Capitalism gets involved, of course, and creates markets for products (images and dreams) that stir up our hopes and our longings to feel better. We want to believe we're not simply stuck in our ruts of suffering. We want to believe there's a REAL and feasible way to escape from our disordered and/or overly stressed lives.

    If we are fat and feel physically shitty, well, market forces (and dominant medical discourses) promise us that we will feel better (physically and emotionally) if we lose weight. And when that doesn't happen quite as planned, many of us buy into various specialized schemes (involving food products or nutrients) in hopes that we will, indeed, eventually find relief as a result of changes in nutrition.

    Similarly, we are told (and we want to believe) that maybe our symptoms (our fatigue, despair, inertia, boredom, etc) are caused by eating certain "harmful" foods. And capitalism is right there to confirm our worst fears and to accommodate our purchases of "healthier" foods.

    Indeed, for some of us who feel especially desperate, it turns out, we try using specific foods in self-medicating ways (sugar-laden foods---like wholesome and natural raw honey--- boost our brain neurotransmitter's access to glucose---assuming our insulin systems still function properly---which increases dopamine temporarily and results in improved wellbeing, ah--sweet relief, briefly), and of course even a very common food product such as coffee seems to provide millions of us with improved feelings of well being and increased productivity.

    It's easy to blame or to glorify foods as the source of our disorders because that approach meshes completely with our culture's individualist ideology. The individual can change what she eats, she can't change the carcinogens/pharmaceuticals/radiation in the ground water. She can't mandate a more equitable distribution of leisure time or wealth. The notion of food(s) as both enemy and ally supports our culture's individualist ideology and our capitalist hegemonic discourses so completely and so perfectly---as if they are tailor-made for each other.

    Hmm. Even a common cultural metaphor, such as "food police," can inform our critical perspectives.

    Wow, what a great topic for discussion! Thanks NewMe!

  5. As usual, hopefulandfree, your analysis is spot on. Many thanks!

    1. You're welcome!

      It also occurred to me (see what you started? LOL) that our beliefs about food (and/or nutrition and health in general) have come to serve, in interesting ways, almost as substitutes for commonly held (shared) values (e.g., faith in something unseen) and powerful beliefs about reality (e.g., god or religion in general)--thus, these food discourses function as post-modern ideological (metaphorical) realms through which we can connect with like-minded others who share OUR (i.e., superior or more rational) values and beliefs (e.g., our common reverence for--and trust in--the goodness of "whole foods"); and, in addition, these food discourses offer us value-realms through which we can disrespect those OTHERS (e.g., extremists or puritans) whose beliefs about food conflict with our own.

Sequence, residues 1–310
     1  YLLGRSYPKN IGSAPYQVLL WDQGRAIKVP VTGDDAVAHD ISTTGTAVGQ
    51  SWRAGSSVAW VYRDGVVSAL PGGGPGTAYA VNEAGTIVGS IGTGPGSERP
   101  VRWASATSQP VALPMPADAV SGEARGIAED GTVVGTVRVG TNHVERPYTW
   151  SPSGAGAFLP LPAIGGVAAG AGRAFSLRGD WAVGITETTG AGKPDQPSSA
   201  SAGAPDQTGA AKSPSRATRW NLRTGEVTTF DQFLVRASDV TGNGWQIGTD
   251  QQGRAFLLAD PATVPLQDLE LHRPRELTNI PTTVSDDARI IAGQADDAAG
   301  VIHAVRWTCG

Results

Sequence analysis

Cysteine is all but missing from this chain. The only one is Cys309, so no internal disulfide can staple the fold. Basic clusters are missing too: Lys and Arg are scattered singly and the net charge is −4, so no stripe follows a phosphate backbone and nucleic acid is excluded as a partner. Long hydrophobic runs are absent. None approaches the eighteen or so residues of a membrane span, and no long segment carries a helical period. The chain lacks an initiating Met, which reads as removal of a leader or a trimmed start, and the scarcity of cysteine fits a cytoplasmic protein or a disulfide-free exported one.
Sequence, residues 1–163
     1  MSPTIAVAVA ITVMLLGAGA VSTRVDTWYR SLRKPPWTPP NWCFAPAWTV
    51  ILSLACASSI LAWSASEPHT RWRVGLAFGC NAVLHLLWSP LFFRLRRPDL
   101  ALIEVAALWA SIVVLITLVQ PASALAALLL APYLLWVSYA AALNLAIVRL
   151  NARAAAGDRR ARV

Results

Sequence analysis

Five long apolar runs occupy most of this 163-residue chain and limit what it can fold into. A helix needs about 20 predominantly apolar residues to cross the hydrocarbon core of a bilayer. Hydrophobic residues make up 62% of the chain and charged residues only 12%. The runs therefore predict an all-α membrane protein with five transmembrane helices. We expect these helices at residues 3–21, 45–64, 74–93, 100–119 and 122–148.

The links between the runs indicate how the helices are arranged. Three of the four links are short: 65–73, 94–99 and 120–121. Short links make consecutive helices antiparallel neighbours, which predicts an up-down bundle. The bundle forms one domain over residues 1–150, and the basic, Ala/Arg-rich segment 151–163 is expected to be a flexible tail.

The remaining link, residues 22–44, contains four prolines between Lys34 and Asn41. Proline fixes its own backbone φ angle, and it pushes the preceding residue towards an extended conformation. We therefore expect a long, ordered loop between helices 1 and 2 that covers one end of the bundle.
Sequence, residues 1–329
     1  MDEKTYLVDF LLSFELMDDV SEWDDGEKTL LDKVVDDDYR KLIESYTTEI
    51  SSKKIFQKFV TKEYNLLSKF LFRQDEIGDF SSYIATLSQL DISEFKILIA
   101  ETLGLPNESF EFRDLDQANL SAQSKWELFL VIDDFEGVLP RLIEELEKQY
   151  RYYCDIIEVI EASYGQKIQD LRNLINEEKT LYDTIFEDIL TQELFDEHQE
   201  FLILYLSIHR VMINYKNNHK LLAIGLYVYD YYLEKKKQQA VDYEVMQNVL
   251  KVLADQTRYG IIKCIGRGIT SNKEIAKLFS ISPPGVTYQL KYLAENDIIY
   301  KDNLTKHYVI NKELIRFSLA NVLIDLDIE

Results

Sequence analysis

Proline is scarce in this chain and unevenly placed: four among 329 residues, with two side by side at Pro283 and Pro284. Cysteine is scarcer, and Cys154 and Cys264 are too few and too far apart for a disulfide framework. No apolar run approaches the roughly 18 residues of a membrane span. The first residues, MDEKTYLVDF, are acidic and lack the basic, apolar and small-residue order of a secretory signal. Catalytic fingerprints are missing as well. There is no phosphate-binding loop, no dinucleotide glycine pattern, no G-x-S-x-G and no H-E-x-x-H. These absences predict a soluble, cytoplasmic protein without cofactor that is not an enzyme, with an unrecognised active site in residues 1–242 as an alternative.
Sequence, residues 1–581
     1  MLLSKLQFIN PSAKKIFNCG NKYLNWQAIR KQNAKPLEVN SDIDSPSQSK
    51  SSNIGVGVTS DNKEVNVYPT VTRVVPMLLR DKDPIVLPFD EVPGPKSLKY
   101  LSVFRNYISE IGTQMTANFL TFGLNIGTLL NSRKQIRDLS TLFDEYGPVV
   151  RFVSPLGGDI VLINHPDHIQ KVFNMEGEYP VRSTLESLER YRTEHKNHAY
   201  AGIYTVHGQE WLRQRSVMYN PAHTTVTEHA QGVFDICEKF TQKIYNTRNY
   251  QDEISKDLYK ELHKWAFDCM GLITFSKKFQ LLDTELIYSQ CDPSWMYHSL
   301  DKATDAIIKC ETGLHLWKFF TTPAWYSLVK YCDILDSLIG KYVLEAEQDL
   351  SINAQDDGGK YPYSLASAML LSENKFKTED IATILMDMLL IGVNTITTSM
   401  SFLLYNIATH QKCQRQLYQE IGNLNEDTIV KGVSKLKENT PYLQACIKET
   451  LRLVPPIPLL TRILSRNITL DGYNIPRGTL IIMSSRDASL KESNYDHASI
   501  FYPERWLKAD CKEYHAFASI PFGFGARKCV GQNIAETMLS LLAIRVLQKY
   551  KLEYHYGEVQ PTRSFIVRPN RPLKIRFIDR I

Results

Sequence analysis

So these food discourses give us ways to still talk to and connect with each other (in agreement and/or disagreement) about seemingly *safe* yet still-open-to-conflict topics (food/nutrition), in place of talking about (or arguing about) much bigger and much more *dangerous* topics, such as the values represented by (and advanced as a result of) capitalism or religion or philosophy.

      So. We get to have these very interesting social groupings (divisions) and discussions (and/or arguments) about ideas that SEEM extremely relevant and important---and in a sense, of course, they ARE socially relevant---but maybe they also serve as *necessary stand-ins* for (and distractions from, or ways to avoid talking about) OTHER ideas (having other kinds of conversations) that are far more threatening ("...voices of FEAR FEAR FEAR") to our shared social existence (shared ideology) and that remain below the surface (or outside the value-realms) of our shared (*safer*) dominant discourses.